A recent SEC order found that two executives of Cheetah Mobile Inc. engaged in illegal insider trading when selling shares under a purported 10b5-1 trading plan. The SEC found that they established the plan after learning of a significant drop-off trend in advertising revenues from the company’s largest advertising partner (the AdPartner) that the company had not yet disclosed. They then sold 96,000 American Depository Shares under the plan and avoided losses of approximately $203,290 and $100,127, respectively, by making those sales prior to disclosure of the trend and its effect.
This post is based on an article by Cathryn R. Benedict and Philip B. Wright, Excise Tax on Share Repurchases: A Provision Searching for Its Purpose, 63 Tax Mgmt. Memo. No. 19 (Sept. 12, 2022).
As discussed in our November 17, 2021 post, management of public companies are required to use universal proxy cards for shareholder meetings involving most election contests held after August 31, 2022. This means that both companies and activists have to include all director nominees on their respective proxy cards. The new SEC rules also require inclusion of “against” and “abstain” voting options where permitted by state law. A detailed description of the new rules is contained in the above-linked post.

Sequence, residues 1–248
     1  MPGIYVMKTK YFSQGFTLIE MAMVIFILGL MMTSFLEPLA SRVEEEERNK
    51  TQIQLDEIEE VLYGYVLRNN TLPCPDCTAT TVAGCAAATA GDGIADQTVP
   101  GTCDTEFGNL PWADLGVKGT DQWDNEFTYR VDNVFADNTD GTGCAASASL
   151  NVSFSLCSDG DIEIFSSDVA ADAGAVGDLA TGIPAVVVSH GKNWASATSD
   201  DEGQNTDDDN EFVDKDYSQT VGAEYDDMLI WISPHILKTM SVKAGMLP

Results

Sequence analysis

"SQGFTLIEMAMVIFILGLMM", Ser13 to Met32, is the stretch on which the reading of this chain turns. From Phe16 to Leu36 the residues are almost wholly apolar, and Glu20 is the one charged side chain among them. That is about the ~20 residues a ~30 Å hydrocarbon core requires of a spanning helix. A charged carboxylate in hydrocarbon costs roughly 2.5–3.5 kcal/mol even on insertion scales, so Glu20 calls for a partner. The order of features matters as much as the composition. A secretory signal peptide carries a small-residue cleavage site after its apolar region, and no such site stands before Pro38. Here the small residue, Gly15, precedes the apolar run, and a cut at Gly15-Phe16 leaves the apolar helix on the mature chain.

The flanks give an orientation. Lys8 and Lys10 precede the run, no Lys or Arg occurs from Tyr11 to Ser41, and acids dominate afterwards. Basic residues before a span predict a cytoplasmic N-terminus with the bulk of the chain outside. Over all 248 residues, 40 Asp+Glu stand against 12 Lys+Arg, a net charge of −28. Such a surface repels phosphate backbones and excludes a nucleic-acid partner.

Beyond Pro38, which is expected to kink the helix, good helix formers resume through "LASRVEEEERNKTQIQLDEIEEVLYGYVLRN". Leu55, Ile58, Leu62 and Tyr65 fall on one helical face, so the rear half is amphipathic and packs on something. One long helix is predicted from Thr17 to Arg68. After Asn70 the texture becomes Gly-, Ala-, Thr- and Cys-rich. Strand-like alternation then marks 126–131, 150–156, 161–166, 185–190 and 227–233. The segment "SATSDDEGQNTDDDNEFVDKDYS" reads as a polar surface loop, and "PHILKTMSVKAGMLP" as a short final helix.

More than seven years after their original proposal, the SEC adopted new rules requiring companies to disclose metrics reflecting the relationship between executive compensation actually paid and the company’s financial performance. Mandated by the Dodd-Frank Act in 2010, the rules were passed on August 25, 2022 by a divided 3-2 vote.
All Nasdaq-listed companies must now disclose a board diversity matrix by the later of (1) August 8, 2022, or (2) the date the company files its proxy statement for the 2022 annual meeting of shareholders (or, if companies do not file proxy statements, in their annual report on Form 10-K or 20-F). Companies may provide the disclosure in their proxy statement (or if companies do not file a proxy, on Form 10-K or 20-F), or on the company’s website. Nasdaq’s website provides examples of acceptable and unacceptable disclosures.
It has now been 20 years since the historic collapse of WorldCom, Inc. (“WorldCom” or the “Company”). A review of the WorldCom collapse yields some continuing lessons for corporate counsel.